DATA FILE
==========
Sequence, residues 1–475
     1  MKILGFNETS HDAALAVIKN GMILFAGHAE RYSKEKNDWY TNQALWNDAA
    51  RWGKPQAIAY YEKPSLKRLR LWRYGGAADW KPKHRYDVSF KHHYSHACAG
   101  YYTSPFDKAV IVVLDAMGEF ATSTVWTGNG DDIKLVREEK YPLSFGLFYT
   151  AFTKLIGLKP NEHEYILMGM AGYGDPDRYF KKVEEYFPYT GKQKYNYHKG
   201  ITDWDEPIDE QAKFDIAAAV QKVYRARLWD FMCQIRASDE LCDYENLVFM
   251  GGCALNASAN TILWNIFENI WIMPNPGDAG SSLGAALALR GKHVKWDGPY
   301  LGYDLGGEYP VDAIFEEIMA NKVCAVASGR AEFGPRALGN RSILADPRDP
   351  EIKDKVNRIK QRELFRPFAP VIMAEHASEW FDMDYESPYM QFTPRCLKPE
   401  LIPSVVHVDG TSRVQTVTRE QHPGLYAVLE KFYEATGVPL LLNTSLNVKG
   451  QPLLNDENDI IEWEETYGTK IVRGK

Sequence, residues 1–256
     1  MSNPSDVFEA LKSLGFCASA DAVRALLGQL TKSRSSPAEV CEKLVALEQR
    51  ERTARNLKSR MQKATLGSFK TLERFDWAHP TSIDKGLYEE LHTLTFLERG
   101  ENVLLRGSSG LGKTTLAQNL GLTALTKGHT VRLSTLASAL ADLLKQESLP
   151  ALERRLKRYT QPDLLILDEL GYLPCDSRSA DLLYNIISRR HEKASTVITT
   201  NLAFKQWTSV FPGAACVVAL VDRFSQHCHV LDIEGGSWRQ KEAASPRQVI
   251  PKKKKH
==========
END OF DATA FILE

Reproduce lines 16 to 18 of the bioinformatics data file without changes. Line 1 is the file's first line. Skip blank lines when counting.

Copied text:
   151  ALERRLKRYT QPDLLILDEL GYLPCDSRSA DLLYNIISRR HEKASTVITT
   201  NLAFKQWTSV FPGAACVVAL VDRFSQHCHV LDIEGGSWRQ KEAASPRQVI
   251  PKKKKH